By News-Register staff • 

Farmer Cruikshank inducted into hall of fame

Marcus Larson/News-Register##Farmer Dave Cruickshank in front of his recently planted hazelnut field.
Marcus Larson/News-Register##Farmer Dave Cruickshank in front of his recently planted hazelnut field.

[Updated 2/2/17 5 p.m.]

When Dayton farmer Dave Cruickshank learned the next inductee into the Oregon Farmers’ Hall of Fame was from Yamhill County, he wondered who that could be.

It turned out to be Cruickshank himself — a third-generation farmer who considers himself “semi-retired,” but remains busy growing wheat, oats, alfalfa and grass seed on his Century Farm’s 165 acres.

He received the bureau’s highest honor last week at the Oregon Farm Bureau’s 84th annual meeting. He is the 31st inductee in the hall’s 21-year- history, and apparently the first from Yamhill County.

To be eligible, candidates must be nominated by their county farm bureau. And they must have at least 35 years of active involvement in the organization.
Cruickshank is “an active leader in conservation practices, land use policy, farmland protection and the preservation of Oregon’s rich rural history and culture,” said OFB President Barry Bushue.

He is a 40-year member and 10-time president of the Yamhill County Farm Bureau. He has served as a county board member for more than 25 years.
He has also served as a longtime voting delegate at the state convention and member of the state advisory committee. In addition, he has served on the Yamhill Soil & Water Conservation District’s board of directors since 1998, and is currently serving as its vice-chair.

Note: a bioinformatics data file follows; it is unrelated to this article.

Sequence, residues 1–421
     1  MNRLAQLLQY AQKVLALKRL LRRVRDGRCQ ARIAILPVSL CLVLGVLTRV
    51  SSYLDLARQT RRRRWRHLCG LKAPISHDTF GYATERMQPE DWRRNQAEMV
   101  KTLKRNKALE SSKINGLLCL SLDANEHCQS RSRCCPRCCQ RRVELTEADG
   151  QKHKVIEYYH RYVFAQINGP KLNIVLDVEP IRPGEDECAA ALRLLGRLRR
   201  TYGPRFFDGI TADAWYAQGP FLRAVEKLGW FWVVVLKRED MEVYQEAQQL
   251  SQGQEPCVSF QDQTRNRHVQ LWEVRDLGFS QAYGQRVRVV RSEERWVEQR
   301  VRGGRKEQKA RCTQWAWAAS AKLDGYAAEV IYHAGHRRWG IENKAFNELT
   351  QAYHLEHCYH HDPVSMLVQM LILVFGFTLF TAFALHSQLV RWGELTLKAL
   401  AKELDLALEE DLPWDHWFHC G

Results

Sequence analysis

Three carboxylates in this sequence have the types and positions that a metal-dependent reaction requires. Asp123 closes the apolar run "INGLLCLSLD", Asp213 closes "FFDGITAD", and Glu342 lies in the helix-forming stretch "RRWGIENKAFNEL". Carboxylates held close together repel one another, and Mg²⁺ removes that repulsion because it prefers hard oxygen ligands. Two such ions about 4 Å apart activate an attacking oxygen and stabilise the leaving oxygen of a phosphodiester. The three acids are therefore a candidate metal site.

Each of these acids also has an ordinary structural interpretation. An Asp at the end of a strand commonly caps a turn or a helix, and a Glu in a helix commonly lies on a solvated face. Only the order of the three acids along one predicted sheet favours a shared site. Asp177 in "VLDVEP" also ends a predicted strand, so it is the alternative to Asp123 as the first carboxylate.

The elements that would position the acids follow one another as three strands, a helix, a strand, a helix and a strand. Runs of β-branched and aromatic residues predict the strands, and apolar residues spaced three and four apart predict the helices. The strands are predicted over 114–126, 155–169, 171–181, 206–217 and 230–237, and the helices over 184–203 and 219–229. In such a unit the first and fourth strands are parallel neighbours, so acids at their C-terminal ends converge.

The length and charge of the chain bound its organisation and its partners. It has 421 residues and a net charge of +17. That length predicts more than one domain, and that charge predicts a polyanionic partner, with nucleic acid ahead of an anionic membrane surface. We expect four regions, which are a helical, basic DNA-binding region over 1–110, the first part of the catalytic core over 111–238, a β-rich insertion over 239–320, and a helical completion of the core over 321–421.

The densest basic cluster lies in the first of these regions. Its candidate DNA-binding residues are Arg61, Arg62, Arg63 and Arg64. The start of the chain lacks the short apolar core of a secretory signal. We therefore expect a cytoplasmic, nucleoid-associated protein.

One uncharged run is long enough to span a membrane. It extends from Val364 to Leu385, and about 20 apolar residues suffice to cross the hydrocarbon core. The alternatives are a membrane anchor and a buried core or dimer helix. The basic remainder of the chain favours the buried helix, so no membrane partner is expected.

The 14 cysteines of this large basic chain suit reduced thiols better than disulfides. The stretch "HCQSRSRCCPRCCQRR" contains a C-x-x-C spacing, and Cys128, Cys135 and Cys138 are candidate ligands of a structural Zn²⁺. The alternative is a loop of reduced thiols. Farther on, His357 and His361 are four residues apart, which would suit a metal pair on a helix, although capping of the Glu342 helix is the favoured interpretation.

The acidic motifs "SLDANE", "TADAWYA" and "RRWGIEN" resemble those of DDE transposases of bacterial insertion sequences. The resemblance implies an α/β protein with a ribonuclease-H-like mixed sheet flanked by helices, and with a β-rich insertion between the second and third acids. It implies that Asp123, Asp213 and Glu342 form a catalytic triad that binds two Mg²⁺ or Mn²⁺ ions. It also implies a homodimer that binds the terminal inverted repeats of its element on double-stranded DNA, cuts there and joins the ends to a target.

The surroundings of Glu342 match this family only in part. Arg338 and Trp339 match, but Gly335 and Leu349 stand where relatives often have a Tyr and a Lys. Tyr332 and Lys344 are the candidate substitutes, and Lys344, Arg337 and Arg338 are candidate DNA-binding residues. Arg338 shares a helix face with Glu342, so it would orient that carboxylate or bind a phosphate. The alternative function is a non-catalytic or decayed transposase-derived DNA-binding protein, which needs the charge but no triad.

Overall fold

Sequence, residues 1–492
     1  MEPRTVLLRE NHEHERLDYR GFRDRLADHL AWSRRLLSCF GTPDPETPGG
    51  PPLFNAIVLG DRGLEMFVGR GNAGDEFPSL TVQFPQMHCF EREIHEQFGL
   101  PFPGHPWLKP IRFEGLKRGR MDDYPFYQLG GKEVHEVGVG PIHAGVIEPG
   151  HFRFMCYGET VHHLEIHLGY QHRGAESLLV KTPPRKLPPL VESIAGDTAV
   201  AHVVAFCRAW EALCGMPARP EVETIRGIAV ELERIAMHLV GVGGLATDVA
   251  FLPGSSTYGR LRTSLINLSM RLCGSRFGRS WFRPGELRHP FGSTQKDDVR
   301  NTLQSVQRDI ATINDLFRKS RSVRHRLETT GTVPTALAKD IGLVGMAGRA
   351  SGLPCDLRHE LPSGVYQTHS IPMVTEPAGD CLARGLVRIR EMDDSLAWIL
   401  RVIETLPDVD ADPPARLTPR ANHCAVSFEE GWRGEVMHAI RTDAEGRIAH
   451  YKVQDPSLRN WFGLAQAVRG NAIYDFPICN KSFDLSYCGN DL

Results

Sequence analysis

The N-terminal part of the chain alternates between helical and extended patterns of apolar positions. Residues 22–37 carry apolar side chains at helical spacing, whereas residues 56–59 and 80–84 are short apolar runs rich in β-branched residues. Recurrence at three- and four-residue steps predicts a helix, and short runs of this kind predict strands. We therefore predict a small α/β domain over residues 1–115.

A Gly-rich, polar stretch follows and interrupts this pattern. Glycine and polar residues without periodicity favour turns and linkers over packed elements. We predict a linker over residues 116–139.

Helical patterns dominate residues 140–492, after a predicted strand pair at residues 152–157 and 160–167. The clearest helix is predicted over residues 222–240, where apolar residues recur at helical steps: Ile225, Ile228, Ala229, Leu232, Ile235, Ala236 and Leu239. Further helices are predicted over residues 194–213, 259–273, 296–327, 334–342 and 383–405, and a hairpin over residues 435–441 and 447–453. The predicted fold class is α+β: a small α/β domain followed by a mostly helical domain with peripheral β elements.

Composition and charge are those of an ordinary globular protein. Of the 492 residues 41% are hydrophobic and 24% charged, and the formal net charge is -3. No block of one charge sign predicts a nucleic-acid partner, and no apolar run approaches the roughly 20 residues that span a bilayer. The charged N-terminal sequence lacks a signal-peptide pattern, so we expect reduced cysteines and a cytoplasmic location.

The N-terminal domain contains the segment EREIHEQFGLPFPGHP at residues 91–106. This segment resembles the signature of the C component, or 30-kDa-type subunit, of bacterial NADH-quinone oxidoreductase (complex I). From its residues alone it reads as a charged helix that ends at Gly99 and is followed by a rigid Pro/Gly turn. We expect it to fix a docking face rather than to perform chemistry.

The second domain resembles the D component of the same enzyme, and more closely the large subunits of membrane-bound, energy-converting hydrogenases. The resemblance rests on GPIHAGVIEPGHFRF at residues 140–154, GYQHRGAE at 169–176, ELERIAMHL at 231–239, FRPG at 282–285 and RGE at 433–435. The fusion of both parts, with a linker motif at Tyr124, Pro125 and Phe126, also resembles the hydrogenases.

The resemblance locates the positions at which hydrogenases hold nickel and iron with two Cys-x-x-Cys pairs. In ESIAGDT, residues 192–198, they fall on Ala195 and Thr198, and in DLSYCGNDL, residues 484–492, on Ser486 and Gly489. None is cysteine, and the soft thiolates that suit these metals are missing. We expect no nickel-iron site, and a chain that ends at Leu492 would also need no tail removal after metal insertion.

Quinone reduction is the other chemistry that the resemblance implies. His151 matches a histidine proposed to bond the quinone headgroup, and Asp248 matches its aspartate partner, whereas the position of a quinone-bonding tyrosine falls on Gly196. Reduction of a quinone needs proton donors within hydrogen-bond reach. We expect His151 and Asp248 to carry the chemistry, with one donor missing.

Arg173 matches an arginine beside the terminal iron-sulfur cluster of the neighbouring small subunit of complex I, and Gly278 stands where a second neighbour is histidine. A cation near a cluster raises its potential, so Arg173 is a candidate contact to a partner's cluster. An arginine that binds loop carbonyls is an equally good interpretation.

Cruickshank spent 10 years as a 4-H leader, starting as a youth in dairy. He has served many years as a Small Woodlands Association member and tour host. He has also served on the Farmers Co-Op Creamery board of directors.

He played a major role in the establishment of the Yamhill Valley Heritage Center. Many of the antique farm vehicles on display at the center were acquired by him, and he helped organize the annual planting and harvesting associated with the annual Farm Fest event.

In 2011, Cruickshank received the OFB’s Top Hand Award. He was named a SWCD Cooperator of the Year in 1996.

Larry Ouja, who heads the Yamhill Soil & Water Conservation District, said the farming community was proud and pleased to see one of its own honored. 
In addition to his own farm, and his Farm Bureau and YSWCD duties, Cruickshank has sponsored a woodland tour on his Dayton property for more than half a century, ensuring that new generations of local youth learn about ecology and land stewardship. 

“Dave has many community connections, and the information he provides to the conservation district as a result of his networking is very valuable,” Ouja said. But he noted, no one is likely to hear Cruickshank toot his own horn about the honor.

“Dave is a modest guy,” Oujua said. “He likes to keep a low profile.”

Cruickshank represents the third generation on the family farm. The operation was staked out by his grandfather, who immigrated to the U.S. from Scotland in the early 1900s. 

The honor caught him totally off guard.

“I was surprised,” he said. “I didn’t know that would happen.”

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